Well guess what?

Born last Monday at 34 weeks please welcome to the world baby girl Drew (3.9 pounds):

and baby boy Baxter (5.1 pounds):

 The babies are doing well but will be spending some time in the NICU as they gain strength and some essential newborn skills.  I got to peek in on them in their little incubators, or isolettes, and I felt like I was peeking in on a secret. 

Ella is just about dead to get into the NICU to see them and thinks it is wholly unfair that siblings of NICU babies get behind the locked door and she does not. I assure her we will have all our lives to be with these twins but she sulks and pouts just the same.

I cannot imagine how difficult it was for Mindy and Charissa to leave the hospital Friday and leave their babies behind.

Welcome to the world Drew and Baxter, making a family of 3 a family of 5.  We love you all.

Tuesday, February 14, 2012

Captain of the love ship

Ella asked me the other day if our town had a mayor. I told her we didn't have a mayor and I was pretty sure we had a town council.  She asked what that was. I explained it was a group of people who are in charge of the town.

"Are you in that group?" she asked.

I was taken aback and asked what would make her think I was in charge of the town.

"Well, you're in charge of the Valentine's dance so it seems like you're in charge of everything."

I like the way that girl thinks.

So last week was a big week for me.  I was sweating bullets about the Valentine's dance that I was fairly certain I was going to frig up and I was making mistakes all over the place.  I lost my gloves, forgot Maya's favorite water bottle at gymnastics, told my babysitter the wrong time to show up so I could go to work and locked myself out of my house because I accidentally gave the school secretary my house key when I was returning the PTO shed key. 

My big fear about the Valentine's dance was that I would totally suck at the decorating- the hanging of the lights and frigging with the extension cords.  I can organize, plan and hand out flyers till the cows come home, but the only agreement I have with electricity is then when I put the switch in the "on" position, the lights oblige.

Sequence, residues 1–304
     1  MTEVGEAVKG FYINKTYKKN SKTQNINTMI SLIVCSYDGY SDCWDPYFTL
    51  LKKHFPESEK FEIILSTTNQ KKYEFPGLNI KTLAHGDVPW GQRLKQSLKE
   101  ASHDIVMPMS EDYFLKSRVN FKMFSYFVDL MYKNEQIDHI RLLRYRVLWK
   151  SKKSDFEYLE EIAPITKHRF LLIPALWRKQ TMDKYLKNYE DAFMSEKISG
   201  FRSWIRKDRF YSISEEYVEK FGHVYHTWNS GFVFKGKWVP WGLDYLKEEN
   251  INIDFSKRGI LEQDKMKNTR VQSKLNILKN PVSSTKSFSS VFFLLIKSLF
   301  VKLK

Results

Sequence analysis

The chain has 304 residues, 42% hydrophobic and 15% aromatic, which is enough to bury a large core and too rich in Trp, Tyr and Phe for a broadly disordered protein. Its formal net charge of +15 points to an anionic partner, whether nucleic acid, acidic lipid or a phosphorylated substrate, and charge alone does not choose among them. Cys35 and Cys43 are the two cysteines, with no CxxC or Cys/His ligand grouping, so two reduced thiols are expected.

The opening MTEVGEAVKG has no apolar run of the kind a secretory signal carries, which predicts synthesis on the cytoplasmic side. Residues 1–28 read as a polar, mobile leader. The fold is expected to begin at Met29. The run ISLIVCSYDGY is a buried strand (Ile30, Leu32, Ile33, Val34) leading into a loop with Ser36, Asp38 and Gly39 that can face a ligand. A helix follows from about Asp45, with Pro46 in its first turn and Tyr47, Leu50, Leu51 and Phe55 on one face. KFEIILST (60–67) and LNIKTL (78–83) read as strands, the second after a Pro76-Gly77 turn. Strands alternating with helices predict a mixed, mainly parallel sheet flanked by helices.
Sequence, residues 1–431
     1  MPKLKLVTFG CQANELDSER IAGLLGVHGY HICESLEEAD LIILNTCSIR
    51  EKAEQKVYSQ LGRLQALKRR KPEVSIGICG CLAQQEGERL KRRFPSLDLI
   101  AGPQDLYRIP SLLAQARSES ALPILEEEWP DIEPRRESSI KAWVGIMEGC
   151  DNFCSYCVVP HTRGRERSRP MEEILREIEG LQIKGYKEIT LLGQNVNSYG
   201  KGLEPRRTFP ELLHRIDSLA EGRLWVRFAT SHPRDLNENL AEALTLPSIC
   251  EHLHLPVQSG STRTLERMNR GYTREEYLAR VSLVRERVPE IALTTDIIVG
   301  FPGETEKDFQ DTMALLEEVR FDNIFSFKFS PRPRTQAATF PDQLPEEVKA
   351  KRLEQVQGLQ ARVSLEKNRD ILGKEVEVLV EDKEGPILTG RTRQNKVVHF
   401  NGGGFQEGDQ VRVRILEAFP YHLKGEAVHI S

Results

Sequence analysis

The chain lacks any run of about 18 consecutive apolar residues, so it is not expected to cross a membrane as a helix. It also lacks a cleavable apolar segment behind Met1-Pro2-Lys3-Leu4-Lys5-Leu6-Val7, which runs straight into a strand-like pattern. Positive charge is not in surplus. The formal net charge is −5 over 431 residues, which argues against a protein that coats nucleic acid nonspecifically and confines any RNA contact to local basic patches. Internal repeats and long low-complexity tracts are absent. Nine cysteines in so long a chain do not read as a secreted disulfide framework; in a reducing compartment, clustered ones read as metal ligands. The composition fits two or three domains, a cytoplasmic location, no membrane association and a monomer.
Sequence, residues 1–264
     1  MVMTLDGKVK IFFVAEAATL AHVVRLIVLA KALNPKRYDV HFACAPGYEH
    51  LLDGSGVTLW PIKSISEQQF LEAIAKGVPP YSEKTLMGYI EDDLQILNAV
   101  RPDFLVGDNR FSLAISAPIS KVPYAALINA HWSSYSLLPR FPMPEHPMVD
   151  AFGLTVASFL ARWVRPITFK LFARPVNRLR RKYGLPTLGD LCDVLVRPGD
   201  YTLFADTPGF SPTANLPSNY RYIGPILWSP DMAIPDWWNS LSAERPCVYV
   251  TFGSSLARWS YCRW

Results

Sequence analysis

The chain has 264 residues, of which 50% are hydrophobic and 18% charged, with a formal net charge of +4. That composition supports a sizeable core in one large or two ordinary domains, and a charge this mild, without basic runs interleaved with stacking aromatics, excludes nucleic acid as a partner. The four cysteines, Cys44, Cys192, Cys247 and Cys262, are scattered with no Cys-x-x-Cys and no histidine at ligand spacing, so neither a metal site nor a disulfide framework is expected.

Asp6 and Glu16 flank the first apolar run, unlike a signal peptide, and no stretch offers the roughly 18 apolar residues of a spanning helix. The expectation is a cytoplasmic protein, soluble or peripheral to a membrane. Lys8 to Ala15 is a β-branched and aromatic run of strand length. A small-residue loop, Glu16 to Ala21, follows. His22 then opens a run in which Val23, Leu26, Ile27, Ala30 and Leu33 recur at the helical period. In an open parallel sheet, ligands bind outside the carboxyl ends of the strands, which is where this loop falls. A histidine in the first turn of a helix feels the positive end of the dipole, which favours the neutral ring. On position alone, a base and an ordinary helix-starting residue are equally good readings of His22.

I was further amped up by the fact that Sandi was going to be in Portland from Monday until Saturday at about the time the dance ended (stupid advanced life support class), and thus unable to offer any sort of engineering assistance, child care or (let's be honest) sanity procurement.

Friday morning before school I set the girls to decorate cupcakes. Yes, you heard me right. I'm telling you, I wasn't working with a full deck.

Then, immediately after school Friday, my group of steadfast volunteers and I began the arduous task of transforming the cafeteria/gym into a love shack, baby.  I stopped at the store on the way there to get a giant coffee and a diet coke. I told the cashier, "I am not leaving my caffeination to chance today." He didn't even crack a smile.
There was a lot of balloon blowing.  My handheld air inflator failed to inflate so there was a lot of hot air going around.
And some general silliness.
Then it was to the cafeteria to hang my nemesis, the disco ball.  Thank goodness one of the dad's offered to help (gave in to my begging) and took on this 2 + hour ordeal of hanging a ball for the sole purpose of  putting spinning dots of light on the dance floor.

Lucky for him he has Jessica as his assistant.  I tell you, that girl is scrappy.
She ended up driving home to get her extra long Christmas extension cords and proceeded to pull it through the suspended ceiling, tile by painful tile.

I made these paper flowers and, because the only 12 foot ladder was in disco ball demand, a lot of brain power went into figuring out how to hang them from something other than the ceiling.  
Good 'ol tulle and fishing line.
We were back the next day for 2 more hours of decorating before the main event.  By now, my breathing was no longer only in my upper register, I was well caffeinated and getting excited.

Kohl's department store has a volunteer program called the A-Team.  Their slogan is "Kohl's cares."  Well let me tell you, they care a lot.  I put in a request for volunteers and we had 4 people come for 3 hours to help before and during the dance.  And as if that wasn't enough, Kohl's gives a $500 grant to the school!  Win win!
Here they are in purple manning the food table: